Thursday, March 14, 2002

Yeah, there's nothing like saying "Hey, I could solve this problem in 30 seconds if I could install <blah> and then waiting 2 hours for tech support to arrive, only to find out that they're not authorised to install <blah> because <blah> is still making its long trek through "approval committee" by a bunch of people that use computers for email and writing memos and nothing else.

Because the same sort of company that usually has the "no admin for developers" policy usually has "no perl because it was written by hippies and communists" policies as well.

Katie Lucas
Thursday, March 14, 2002

At my former employer, we had a "no admin for developers policy" done right. That was at a small company where we
were some 30 developers. When I came to work there I
got a machine which I installed whatever I needed,  stuff
you would never find on "corporate installed machines".

This install was then ghosted, and stored on a CD on a per
person basis, so if my machine got flaky, some tech-support
guy ordered a new machine, and ghosted back "my" machine config to the new machine. This is very timesaving.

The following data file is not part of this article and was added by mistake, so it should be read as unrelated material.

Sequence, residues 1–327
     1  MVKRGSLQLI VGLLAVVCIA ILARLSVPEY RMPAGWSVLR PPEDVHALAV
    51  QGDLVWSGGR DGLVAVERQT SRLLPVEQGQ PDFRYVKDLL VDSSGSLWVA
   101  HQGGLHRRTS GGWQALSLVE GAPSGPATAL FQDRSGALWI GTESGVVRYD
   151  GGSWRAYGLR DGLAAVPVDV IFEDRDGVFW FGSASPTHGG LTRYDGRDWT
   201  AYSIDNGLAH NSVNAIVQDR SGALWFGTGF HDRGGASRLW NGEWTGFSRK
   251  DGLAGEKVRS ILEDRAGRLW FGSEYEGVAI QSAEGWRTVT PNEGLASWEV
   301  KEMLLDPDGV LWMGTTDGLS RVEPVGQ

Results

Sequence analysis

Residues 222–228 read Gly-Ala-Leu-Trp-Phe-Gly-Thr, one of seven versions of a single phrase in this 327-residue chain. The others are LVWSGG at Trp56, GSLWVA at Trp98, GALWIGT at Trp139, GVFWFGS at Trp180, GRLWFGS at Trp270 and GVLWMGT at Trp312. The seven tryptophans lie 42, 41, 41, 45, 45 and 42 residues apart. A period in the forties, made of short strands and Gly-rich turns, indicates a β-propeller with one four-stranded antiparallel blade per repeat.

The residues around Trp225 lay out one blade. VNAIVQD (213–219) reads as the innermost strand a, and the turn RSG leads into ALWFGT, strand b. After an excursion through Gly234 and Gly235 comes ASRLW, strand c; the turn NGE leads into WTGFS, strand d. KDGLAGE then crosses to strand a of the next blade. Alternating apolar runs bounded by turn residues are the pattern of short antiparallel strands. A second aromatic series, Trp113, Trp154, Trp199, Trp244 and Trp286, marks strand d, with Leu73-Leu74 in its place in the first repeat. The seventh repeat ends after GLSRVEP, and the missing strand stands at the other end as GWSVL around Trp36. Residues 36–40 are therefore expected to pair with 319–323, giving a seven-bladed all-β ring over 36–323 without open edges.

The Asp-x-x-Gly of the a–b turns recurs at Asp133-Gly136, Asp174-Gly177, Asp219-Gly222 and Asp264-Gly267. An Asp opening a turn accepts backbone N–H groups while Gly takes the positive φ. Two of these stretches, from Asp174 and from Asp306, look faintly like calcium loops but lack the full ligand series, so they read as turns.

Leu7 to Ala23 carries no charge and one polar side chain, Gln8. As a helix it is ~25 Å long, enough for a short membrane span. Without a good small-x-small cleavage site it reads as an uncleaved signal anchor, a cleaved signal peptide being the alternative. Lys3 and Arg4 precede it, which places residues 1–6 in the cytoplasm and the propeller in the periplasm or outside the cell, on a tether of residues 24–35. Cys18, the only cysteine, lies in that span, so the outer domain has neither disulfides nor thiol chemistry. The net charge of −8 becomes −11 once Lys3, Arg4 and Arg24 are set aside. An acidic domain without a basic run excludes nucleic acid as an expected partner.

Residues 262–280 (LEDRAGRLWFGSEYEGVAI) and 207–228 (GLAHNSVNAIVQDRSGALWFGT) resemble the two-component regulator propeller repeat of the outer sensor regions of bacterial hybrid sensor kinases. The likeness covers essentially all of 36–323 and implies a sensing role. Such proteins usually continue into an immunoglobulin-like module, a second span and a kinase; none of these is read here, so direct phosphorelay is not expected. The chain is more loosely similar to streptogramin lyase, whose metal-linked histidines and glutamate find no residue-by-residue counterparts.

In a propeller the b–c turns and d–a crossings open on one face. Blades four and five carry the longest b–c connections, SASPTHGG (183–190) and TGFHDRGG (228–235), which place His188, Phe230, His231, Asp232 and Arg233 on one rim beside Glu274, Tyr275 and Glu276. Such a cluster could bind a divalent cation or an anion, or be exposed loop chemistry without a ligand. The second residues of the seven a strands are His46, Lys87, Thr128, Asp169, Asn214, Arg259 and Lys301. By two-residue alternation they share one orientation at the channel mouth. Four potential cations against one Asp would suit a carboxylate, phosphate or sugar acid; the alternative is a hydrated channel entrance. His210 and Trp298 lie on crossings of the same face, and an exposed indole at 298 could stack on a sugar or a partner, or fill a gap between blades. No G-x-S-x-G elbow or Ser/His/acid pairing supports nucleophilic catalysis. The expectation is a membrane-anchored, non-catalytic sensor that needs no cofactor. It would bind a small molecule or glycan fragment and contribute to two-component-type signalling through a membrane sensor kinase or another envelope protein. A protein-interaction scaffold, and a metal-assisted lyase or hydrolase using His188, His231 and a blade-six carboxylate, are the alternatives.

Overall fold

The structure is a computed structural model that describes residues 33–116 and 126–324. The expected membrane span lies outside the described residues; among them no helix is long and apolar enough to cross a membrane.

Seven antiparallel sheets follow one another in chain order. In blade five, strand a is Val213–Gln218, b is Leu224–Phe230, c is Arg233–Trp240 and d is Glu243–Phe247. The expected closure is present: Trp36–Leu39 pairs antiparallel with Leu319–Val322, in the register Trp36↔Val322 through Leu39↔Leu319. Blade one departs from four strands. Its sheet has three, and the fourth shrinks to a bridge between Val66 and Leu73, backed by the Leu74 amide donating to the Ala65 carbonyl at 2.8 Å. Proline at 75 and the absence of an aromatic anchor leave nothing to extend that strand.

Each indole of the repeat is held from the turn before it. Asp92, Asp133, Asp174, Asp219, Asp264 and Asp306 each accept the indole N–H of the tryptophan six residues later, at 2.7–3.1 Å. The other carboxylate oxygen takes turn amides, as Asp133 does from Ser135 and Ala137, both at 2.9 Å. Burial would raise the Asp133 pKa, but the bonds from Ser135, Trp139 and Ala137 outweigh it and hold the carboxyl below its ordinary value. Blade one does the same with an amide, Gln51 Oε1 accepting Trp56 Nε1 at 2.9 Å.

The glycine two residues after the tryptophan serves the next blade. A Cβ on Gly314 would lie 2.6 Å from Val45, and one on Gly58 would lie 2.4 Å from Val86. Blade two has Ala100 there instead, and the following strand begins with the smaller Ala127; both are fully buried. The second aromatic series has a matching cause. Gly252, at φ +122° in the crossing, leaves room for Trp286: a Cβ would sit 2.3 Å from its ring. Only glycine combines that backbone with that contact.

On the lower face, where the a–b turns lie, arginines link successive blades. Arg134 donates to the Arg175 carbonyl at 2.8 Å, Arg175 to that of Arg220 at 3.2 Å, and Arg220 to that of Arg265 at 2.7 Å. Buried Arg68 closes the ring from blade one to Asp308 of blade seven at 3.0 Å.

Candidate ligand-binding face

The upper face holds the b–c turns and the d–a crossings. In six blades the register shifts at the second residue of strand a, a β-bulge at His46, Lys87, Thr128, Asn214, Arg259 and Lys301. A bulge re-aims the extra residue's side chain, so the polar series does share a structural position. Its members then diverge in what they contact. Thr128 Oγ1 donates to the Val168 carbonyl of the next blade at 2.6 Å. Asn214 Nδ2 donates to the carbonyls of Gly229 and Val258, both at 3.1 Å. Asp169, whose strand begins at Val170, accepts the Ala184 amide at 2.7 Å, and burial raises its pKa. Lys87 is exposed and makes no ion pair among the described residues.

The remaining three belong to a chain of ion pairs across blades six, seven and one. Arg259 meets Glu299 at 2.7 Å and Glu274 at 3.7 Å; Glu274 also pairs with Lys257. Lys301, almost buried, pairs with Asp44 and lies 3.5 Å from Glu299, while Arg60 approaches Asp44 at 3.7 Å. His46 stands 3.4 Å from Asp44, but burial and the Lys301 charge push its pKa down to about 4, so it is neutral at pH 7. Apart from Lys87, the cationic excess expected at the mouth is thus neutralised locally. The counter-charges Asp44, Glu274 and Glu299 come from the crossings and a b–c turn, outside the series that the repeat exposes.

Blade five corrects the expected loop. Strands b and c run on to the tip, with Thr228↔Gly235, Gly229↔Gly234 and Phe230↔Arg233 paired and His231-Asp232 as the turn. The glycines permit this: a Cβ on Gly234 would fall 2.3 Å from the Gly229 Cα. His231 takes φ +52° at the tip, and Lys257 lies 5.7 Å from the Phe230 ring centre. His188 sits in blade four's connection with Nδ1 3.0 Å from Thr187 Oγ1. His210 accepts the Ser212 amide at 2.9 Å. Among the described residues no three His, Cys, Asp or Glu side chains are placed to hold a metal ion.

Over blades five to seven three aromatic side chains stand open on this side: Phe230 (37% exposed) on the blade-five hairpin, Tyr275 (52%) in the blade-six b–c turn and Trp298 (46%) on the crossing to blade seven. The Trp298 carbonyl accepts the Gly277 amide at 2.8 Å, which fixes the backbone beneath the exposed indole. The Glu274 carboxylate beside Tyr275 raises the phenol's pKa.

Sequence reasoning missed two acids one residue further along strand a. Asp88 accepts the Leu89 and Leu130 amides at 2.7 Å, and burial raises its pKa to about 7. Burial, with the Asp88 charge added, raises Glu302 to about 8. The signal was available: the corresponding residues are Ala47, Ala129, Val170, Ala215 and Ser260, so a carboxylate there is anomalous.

At my current place it is done wrong, as per the post above.

So it is really a matter of how it is done, if it is timesaving or
just an obstacle to get the job done.

Thursday, March 14, 2002

Boomhauer wrote:
"The "official" rule at my last project was, no loading of any unauthorized software on any company computers. But this interpreted as a way to prevent having one of the less-than-brilliant developers repeatedly screw up their desktops via unsupported installations, and wind up costing the company in support dollars to repair."

Traditional case of management incompetence. Punish/restrict all, because one can't handle himself.

I often asked myself why they do this. My conclusion was that bad managers follow the way of the least resistance. They find it scary to confront/fire incompetent employees. It's much easier to fire off a memo with restrictions for everyone.

Jan Derk